Microsoft hits $1 trillion market valuation
Microsoft has seen its stock market value top $1 trillion (£774bn) after reporting better-than-expected sales and profits.
The US software giant passed the mark briefly on Thursday, before its share price fell back.
It makes it one of only three public firms to have hit the $1tn mark, the others being Apple and Amazon.
Microsoft's stock has climbed by about a third in the past year, helped by the growth of its cloud business.
On Wednesday, the firm said revenue rose 14% to $30.6bn in the fourth quarter, thanks to more cloud growth and an unexpected boost for its software.
Net profit surged 19% to $8.8bn.
It continues the strong performance seen under boss Satya Nadella, who has spent the past five years trying to lessen the firm's reliance on its once-dominant Windows operating system.
Apple and Amazon hit the $1tn mark for the first time last August and September respectively, but both fell back towards the end of the year amid a downturn on global markets.
PetroChina was briefly worth about $1.1tn after floating in Shanghai in 2007, although most of its shares were held by the Chinese government. It is now worth about $200bn.
While the $1tn milestone garners headlines, Microsoft executives have dismissed its importance in the past.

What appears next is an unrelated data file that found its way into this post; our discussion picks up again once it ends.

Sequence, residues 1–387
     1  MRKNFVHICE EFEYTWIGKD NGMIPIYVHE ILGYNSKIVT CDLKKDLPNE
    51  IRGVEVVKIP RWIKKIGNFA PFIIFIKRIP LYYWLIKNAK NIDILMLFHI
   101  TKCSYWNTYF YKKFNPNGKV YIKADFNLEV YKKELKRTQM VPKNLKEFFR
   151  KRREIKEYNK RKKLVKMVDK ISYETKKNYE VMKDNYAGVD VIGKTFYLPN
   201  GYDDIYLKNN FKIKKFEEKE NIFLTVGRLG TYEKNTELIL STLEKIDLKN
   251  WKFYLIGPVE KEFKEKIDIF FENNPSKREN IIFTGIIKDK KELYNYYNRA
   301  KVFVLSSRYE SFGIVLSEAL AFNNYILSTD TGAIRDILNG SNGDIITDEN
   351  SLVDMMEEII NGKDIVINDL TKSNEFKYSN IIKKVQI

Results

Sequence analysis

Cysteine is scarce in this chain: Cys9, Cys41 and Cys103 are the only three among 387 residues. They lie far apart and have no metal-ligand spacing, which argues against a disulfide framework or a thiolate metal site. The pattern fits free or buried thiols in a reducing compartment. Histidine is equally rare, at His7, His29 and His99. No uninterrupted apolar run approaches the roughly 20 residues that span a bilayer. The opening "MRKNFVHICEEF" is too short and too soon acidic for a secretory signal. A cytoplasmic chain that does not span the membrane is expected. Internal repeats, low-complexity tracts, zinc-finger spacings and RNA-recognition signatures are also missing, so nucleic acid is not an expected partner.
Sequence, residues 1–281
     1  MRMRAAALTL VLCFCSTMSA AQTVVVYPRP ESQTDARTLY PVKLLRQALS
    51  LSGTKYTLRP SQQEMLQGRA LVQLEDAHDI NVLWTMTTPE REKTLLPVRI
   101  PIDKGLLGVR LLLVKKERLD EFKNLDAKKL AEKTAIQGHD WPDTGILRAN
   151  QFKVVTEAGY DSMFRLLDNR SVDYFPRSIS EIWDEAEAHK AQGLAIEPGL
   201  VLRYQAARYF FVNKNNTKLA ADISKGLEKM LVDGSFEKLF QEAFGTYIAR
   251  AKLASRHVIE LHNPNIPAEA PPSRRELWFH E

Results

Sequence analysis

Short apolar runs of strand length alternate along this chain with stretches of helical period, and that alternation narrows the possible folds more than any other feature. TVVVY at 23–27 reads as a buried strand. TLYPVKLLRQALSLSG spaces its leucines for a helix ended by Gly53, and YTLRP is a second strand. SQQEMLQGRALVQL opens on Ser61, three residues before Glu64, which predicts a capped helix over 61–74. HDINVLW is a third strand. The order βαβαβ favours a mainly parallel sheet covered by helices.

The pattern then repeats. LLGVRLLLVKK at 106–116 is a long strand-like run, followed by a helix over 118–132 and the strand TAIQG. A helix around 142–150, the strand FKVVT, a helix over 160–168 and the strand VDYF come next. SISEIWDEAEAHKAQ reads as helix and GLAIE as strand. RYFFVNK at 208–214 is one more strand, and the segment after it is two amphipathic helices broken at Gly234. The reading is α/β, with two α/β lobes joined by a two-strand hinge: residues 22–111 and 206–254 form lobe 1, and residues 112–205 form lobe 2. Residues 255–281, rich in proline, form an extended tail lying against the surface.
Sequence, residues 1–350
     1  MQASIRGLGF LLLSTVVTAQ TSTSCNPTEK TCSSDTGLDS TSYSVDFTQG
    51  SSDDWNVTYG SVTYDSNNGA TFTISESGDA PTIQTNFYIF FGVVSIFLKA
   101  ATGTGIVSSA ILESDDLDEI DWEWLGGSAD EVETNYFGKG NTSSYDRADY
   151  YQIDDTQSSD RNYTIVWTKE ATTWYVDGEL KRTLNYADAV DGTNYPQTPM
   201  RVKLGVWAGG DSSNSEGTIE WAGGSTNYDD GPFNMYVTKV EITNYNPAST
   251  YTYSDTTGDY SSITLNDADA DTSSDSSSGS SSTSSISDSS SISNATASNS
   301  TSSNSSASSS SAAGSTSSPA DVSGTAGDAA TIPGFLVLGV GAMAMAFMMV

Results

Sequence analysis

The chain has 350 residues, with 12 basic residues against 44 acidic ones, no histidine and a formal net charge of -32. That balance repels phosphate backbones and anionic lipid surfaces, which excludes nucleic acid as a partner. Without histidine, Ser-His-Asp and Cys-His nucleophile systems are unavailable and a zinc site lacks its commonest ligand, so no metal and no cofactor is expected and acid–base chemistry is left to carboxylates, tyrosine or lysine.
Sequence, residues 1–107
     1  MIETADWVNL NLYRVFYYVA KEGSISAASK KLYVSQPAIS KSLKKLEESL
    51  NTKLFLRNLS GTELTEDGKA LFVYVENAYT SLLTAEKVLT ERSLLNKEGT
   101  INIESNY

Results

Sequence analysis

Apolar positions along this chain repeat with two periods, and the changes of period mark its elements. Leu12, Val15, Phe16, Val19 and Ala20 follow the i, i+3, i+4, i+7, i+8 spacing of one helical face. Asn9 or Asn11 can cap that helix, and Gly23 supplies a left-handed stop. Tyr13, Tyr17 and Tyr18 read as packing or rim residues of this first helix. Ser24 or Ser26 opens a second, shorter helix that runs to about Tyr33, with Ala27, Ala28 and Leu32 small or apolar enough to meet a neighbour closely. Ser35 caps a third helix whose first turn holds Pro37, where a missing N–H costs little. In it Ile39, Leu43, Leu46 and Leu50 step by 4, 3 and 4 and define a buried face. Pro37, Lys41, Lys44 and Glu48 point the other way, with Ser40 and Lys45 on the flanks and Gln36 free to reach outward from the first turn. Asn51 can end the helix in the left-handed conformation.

"This is a metric that nobody on the senior leadership team is tracking," Chris Capossela said at an event last year.
"Nobody is sitting around high-fiving when the stock hits some new high."
Analysis: Chris Fox, technology reporter
Microsoft may be best known for its Windows operating system, but it makes more money from its Azure cloud services and Office software package.
While Apple makes more than 50% of its money from the iPhone, and Amazon from its online store, Microsoft's strength has been sticking its fingers in several pies.
In 2018, Windows brought in about 18% of Microsoft's revenue, while Office accounted for 25%.
Its smaller gaming and Xbox division brought in about 9% while its own-brand hardware such as the Surface tablets accounted for about 5%.
The much-ridiculed Bing search engine is also surprisingly profitable: its data powers some of the latest smart speakers including Amazon's Alexa.
Microsoft's involvement in so many growing markets clearly has investors hopeful for its future.